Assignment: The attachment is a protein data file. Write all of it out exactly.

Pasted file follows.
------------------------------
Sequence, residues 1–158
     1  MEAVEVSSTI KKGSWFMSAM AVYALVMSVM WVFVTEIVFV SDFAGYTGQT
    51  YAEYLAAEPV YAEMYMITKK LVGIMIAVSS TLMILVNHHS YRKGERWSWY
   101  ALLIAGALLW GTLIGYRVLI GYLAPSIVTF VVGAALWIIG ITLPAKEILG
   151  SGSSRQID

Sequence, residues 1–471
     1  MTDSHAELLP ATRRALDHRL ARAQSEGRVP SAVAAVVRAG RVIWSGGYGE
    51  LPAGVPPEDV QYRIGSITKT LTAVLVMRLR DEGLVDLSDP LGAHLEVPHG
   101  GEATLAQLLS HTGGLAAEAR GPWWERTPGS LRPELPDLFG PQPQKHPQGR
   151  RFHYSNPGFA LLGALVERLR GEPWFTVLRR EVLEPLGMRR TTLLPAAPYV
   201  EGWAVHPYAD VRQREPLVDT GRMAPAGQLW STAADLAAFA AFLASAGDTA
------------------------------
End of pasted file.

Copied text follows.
Sequence, residues 1–158
     1  MEAVEVSSTI KKGSWFMSAM AVYALVMSVM WVFVTEIVFV SDFAGYTGQT
    51  YAEYLAAEPV YAEMYMITKK LVGIMIAVSS TLMILVNHHS YRKGERWSWY
   101  ALLIAGALLW GTLIGYRVLI GYLAPSIVTF VVGAALWIIG ITLPAKEILG
   151  SGSSRQID

Sequence, residues 1–471
     1  MTDSHAELLP ATRRALDHRL ARAQSEGRVP SAVAAVVRAG RVIWSGGYGE
    51  LPAGVPPEDV QYRIGSITKT LTAVLVMRLR DEGLVDLSDP LGAHLEVPHG
   101  GEATLAQLLS HTGGLAAEAR GPWWERTPGS LRPELPDLFG PQPQKHPQGR
   151  RFHYSNPGFA LLGALVERLR GEPWFTVLRR EVLEPLGMRR TTLLPAAPYV
   201  EGWAVHPYAD VRQREPLVDT GRMAPAGQLW STAADLAAFA AFLASAGDTA